Writer/historian Joan Gilbert was honored at a celebration at the Mauch Chunk Museum and Cultural Center in Jim Thorpe on Friday, Oct. 14.

In 1993, Ms. Gilbert was invited by John Drury to join a small team tasked with creating a museum focusing on the history of Jim Thorpe, formerly Mauch Chunk. As a writer, Gilbert would compose the text for the Mauch Chunk Museum original exhibits and for the video introducing visitors to the museum.

Drury conceived of the Mauch Chunk Museum and Cultural Center as "an attraction to help bring people to see the remarkable history of the town that I have fallen in love with."

In the museum's fledgling days, Gilbert and Laura Thomas were key players in creating the museum. Thomas passed away.

In the nearly 20 years since the museum opened, it has seen 80,000 guests pass through the exhibits that Gilbert annotated and organized.

Gilbert, a native of England, met her husband David during World War II, and returned with him to the United States after the war. After completing bachelor's and master's degrees, she operated a literary agency and helped at a playwriting theater.

After Joan and David moved to a farmhouse in Mahoning Valley, she met John Drury. "I owe my fun to John Drury," Gilbert said in a halted voice. "He gave me a job at his nonexistent museum and set me on the path to whatever I did in local history."

Gilbert explained about her difficulty in speaking, "I apologize for my voice-the result of asthma medication. Medicines either kill or cure you. Mine did both."

She described John Drury as, "an idea man and an adventurer, someone who loves to rehabilitate every dilapidated 19th century building he comes across," she noted. "That has been great for Jim Thorpe. I know that because I saw the transition. This transformed church that became the museum, the Inn at Jim Thorpe, and now the Kemmerer Coach House have all benefitted from John's touch."

"When I worked in the museum, we looked forward to Saturday staff meetings. They always concluded with an adventure. We never knew where we would end up-at another museum, a historic site, someone's collection of artifacts, a house basement to see a reconstruction project in progress, or on the canal bank to see a canal boat rescued from a watery grave."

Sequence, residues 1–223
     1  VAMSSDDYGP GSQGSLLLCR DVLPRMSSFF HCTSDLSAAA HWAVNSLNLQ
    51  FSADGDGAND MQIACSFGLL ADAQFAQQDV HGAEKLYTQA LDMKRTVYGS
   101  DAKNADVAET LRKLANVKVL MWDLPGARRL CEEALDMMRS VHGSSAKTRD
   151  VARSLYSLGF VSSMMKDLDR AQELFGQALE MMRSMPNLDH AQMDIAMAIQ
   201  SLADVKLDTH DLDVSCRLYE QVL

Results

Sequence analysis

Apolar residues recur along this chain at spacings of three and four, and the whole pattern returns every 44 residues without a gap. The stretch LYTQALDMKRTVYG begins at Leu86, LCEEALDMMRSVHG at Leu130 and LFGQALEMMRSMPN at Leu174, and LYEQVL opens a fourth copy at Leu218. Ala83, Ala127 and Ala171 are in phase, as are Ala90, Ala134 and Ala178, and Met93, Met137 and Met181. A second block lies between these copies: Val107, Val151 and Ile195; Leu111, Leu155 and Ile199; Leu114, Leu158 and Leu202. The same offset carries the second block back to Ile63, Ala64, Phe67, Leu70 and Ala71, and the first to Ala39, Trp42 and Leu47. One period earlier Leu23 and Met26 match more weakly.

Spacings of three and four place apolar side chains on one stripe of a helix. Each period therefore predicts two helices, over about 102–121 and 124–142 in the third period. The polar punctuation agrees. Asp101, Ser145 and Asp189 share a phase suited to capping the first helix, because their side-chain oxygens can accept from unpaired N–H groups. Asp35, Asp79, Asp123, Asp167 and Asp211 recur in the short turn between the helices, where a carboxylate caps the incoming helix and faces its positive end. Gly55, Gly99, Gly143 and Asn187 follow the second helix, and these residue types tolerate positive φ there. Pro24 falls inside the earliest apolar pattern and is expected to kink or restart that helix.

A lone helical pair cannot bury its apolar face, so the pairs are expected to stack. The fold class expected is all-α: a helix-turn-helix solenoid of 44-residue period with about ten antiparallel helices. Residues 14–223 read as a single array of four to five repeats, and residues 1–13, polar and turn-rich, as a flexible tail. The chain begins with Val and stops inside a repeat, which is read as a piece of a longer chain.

Gilbert and Drury partnered on two books for Arcadia Press' Image of America series: Jim Thorpe (Mauch Chunk) and Jim Thorpe in the 20th Century (PA). She went on to write two additional books, a work of fiction, Mule Boy, and a Gateway to the Coalfields-the Upper Grand Section of the Lehigh Canal.

Mule Boy and Gateway were the result of Gilbert's research with Richard Arner, a former canal worker turned construction engineer, canal historian, and preservationist. "He filled me with so much information that I felt obliged to put this down in Mule Boy-with a fictional overlay on the Lehigh and Delaware Canals."

"I went on a journey with Arner on the Upper Division of the Lehigh Canal which was scary, unforgettable, and inspirational," Gilbert said. "It was responsible for my second book."

"Arner, who was approaching 90 at the time (Gilbert is now 85 years old), drove my husband and me along the disused and partially washed out Quakake from Weatherly to PennHaven Junction. We were relieved when a ranger let use the tow path to exit at Rockport."

With additional help from canal historians Wouter de Nie and Clarence Hendricks, and from archives from the National Canal Museum provided by Lance Metz, Gilbert produced Gateways-the only book to detail the Upper Division of the Lehigh Navigation.

Gilbert's current book, An American Victorian Town (Mauch Chunk), follows the development of Jim Thorpe from 1818 to present day and compares it to what was going on in England during that period. The book is currently in negotiations with a publisher.

The plaque given to Gilbert was inscribed, "In appreciation of Joan Gilbert who developed the core exhibit at the Mauch Chunk Museum and Cultural Center and whose scholarly writings more than any other writer has brought public awareness to the rich history of Mauch Chunk/Jim Thorpe, Pennsylvania."